For Biomass, Get It in Writing
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|A utility in northern Minnesota signed a transparent, locally enforceable contract guaranteeing that woody fuel for its biomass plant is sustainably harvested. Photo Credit: Dan/FreeDigitalPhotos.net|
The debate over a proposed biomass facility in Traverse City has caused a great deal of concern among many Traverse City-area environmentalists, and rightfully so.
The greatest fear opponents of the Traverse City Light & Power’s small, 10-megawatt proposal is that its fuel providers could end up “clear-cutting the forests” in their pursuit of materials to burn.
TCL&P Executive Director Ed Rice has made clear publicly that the municipal utility has no intention to harm our forests with its biomass plant, but concerns about clear cutting remain; in fact, they’ve become a central focus of the public debate. For many, promises of sustainable wood sourcing by TCL&P just aren’t good enough.
But my reporting indicates that there are legal mechanisms that make sure TCL&P gets its wood only from the most sustainable sources. In fact, local officials-perhaps the City Commission or TCL & P’s board-could mandate the utility enter into a legally binding contract containing very specific requirements regarding where and how they get their woody fuel.
“It can be done,” said Don Arnosti, director of forestry programs at the Institute for Agricultural Trade Policy Inc., a non-profit in Minneapolis, and an expert on biomass. “What they need to do (under a legally binding wood sourcing contract) is document from who they are getting the material, and when you deliver us a load of wood, you must certify and swear that, ‘Here’s how I got it and here’s where I got it.’ It offers a transparent trail (for wood sourcing.)”
Mr. Arnosti said other communities have faced the same challenges and concerns that Traverse City now faces regarding biomass, and agreed that the fear of clear-cutting for fuel is a very real one. In Northern Minnesota, three years ago, concerns about harming the forests were a central issue in a biomass controversy there. Residents were very fearful that loggers could end up clear-cutting the forests, and that the situation would worsen when demand for wood products increased.
With the controversy raging, the local utility agreed to a legally binding contract controlling its wood sourcing. The deal was simple: If the company didn’t get its wood from foresters certified under federal and state sustainability guidelines, then it wouldn’t get the credits for renewable energy generation. Without those credits, the deal was a bad financial deal for the utility.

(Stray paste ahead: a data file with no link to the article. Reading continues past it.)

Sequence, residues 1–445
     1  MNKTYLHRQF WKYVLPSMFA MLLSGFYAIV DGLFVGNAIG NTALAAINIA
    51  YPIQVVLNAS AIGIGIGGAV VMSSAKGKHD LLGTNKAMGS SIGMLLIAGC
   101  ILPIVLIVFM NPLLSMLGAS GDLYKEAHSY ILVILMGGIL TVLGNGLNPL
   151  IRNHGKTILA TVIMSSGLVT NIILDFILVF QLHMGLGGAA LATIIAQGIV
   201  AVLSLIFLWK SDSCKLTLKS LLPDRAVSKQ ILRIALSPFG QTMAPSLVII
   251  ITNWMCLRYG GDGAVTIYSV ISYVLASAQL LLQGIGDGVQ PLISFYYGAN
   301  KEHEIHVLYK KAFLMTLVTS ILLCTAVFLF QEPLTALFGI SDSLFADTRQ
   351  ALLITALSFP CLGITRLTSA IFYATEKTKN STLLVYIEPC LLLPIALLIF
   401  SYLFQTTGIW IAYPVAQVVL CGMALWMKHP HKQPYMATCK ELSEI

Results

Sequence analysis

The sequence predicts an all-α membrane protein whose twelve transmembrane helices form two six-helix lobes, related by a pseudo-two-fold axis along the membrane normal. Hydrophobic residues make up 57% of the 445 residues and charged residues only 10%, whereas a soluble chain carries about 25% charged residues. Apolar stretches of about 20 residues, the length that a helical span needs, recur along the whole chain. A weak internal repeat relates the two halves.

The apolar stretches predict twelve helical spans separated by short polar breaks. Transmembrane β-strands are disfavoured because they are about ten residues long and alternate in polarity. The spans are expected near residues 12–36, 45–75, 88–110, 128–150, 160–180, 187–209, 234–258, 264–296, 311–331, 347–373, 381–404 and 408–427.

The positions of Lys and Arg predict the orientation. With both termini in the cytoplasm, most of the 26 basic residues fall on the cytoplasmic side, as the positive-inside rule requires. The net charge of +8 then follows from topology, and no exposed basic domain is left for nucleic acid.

“It comes down to the fact that project promoters will often say a whole bunch of stuff about how good they are and what they are going to do,” Mr. Arnosti said. “Well, let’s put that down into writing, into something that makes them accountable. Then, it’s not just words in the air. For those who want to hold on very tightly to sustainability, you are giving them a lot more tools to work with.”
Another benefit of a legally binding contract for wood sourcing is that it allows local officials, not distant regulators, to formulate the requirements. For instance, a legally binding contract could require that the wood only come from local sources, and prevent the utility from trucking in wood from hundreds of miles away when local sources dry up or, far more likely, wood prices increase. Local officials could implement tough penalties for a utility that violates its contract.
I asked Marvin Roberson, a forester with the Michigan Sierra Club, if he would ever support such a proposal. Mr. Roberson said he would not because, he maintains, Traverse City Light & Power continues to propose burning green wood.
“Using green, standing timber for electricity generation is the most wasteful use we can make of our forested resource,” Mr. Roberson said. “So whether certified or not, we oppose it.”
Mr. Arnosti said that if burning biomass for energy does ever come to fruition in Traverse City, the most important thing that needs to happen is careful planning to make sure it is done right. That, he said, is an issue that can’t be rushed because, if it’s done wrong, the utility could seriously damage one of our most precious resources-our forests.
“Woody biomass is one of those things where there are a dozen ways to get it wrong,” Mr. Arnosti said. “There is not just one way to get it right, but it is tricky.”
Glenn Puit is a journalist and policy specialist at the Michigan Land Use Institute. Reach him at email@example.com.